The Nobel Prize committee has given up trying to reach Bob Dylan, five days after he became the first musician awarded the Nobel Prize for Literature
Dylan, 75, is yet to respond to the accolade, which was announced on Thursday. That evening he gave a concert in Las Vegas in which he spoke little, and did not mention the award.
On Friday he performed in Coachella, as part of the Desert Trip festival – and was commended by The Rolling Stones, who performed after him.
"I want to thank Bob Dylan for an amazing set," said Sir Mick Jagger. "We have never shared the stage with a Nobel Prize winner before. Bob is like our own Walt Whitman."
Keith Richards added: "I can’t think of anybody that deserved it better."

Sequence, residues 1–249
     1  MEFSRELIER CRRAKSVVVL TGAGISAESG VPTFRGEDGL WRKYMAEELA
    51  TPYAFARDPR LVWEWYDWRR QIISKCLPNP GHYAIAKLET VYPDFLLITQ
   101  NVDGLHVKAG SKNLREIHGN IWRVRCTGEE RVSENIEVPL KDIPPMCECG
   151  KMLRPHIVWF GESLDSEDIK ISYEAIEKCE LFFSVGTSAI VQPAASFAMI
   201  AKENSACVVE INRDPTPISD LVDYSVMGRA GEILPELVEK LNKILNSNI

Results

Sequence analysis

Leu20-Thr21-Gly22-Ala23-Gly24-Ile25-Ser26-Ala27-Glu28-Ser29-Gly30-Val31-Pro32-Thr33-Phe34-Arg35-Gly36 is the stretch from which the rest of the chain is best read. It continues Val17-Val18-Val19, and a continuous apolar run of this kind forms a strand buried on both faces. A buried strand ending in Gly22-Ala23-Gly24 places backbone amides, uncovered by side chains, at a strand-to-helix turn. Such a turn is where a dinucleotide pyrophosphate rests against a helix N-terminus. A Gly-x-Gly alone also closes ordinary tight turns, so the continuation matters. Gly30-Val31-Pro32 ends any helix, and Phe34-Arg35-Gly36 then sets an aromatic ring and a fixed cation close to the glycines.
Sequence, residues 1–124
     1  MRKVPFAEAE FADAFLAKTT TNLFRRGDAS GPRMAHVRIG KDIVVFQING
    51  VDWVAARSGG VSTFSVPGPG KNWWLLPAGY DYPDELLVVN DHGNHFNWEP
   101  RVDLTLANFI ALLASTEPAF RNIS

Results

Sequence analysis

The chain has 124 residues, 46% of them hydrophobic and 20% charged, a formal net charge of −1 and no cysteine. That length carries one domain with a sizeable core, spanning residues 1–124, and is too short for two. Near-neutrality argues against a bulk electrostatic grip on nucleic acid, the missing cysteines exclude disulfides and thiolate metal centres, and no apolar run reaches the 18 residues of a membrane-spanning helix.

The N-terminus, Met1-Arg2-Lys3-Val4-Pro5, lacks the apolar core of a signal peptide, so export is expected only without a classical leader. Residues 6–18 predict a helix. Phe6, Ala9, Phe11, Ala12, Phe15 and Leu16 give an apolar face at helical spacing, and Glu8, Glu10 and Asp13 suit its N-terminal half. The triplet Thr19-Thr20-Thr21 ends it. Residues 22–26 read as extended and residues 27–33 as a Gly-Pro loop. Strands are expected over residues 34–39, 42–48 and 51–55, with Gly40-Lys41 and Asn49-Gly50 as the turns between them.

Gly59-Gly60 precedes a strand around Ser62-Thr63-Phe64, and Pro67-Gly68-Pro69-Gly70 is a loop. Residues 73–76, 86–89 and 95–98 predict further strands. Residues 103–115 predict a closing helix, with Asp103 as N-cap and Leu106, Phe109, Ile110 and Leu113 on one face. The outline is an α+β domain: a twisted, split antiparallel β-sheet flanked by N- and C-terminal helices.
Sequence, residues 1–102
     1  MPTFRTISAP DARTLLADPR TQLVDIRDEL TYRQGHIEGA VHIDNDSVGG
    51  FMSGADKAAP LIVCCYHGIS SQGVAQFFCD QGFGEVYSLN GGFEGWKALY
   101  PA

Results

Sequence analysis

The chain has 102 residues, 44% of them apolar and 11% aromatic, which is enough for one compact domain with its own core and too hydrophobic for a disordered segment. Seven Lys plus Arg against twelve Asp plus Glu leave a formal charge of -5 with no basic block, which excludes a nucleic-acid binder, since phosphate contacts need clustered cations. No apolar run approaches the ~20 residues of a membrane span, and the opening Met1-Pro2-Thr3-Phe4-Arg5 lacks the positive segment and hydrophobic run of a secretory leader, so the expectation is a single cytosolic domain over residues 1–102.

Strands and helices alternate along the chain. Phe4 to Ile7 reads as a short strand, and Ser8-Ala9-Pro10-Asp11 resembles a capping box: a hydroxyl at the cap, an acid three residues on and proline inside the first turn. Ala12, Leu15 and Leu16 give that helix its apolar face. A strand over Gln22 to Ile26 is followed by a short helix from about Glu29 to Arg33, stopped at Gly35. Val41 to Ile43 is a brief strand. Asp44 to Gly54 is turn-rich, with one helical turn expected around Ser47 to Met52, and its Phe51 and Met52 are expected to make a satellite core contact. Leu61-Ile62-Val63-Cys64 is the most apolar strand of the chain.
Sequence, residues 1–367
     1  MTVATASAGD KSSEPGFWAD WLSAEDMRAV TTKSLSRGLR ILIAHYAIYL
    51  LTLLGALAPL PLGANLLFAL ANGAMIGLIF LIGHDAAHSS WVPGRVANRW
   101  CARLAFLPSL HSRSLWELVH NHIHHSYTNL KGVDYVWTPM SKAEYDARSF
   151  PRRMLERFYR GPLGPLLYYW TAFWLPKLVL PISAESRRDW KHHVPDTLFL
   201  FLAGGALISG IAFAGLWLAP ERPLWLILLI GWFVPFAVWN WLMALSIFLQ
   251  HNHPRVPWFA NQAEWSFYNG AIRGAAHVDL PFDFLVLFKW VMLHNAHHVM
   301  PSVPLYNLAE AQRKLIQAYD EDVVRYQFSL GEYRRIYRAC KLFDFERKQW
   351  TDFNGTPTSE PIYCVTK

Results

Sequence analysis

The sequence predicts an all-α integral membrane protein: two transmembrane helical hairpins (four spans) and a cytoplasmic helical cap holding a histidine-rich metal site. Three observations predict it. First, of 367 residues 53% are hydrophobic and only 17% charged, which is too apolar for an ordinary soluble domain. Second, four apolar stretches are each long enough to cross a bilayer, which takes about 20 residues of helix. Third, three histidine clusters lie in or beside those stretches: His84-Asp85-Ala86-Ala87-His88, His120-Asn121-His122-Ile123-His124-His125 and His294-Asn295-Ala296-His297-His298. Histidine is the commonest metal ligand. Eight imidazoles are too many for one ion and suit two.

But Dylan himself again failed to acknowledge it.
The Swedish Academy, which awards the prizes every October and organises the presentation in December, says it has not heard back from the Minnesota-born singer.
"Right now we are doing nothing,” said Sara Danius, permanent secretary of the academy. “I have called and sent emails to his closest collaborator and received very friendly replies. For now, that is certainly enough."
Dylan has a long and erratic history with award ceremonies, beginning with his 1963 Tom Paine award for civil rights, in which he delivered a rambling acceptance speech saying he sympathised with JFK’s assassin Lee Harvey Oswald. He later issued an apology.
Source: The Telegraph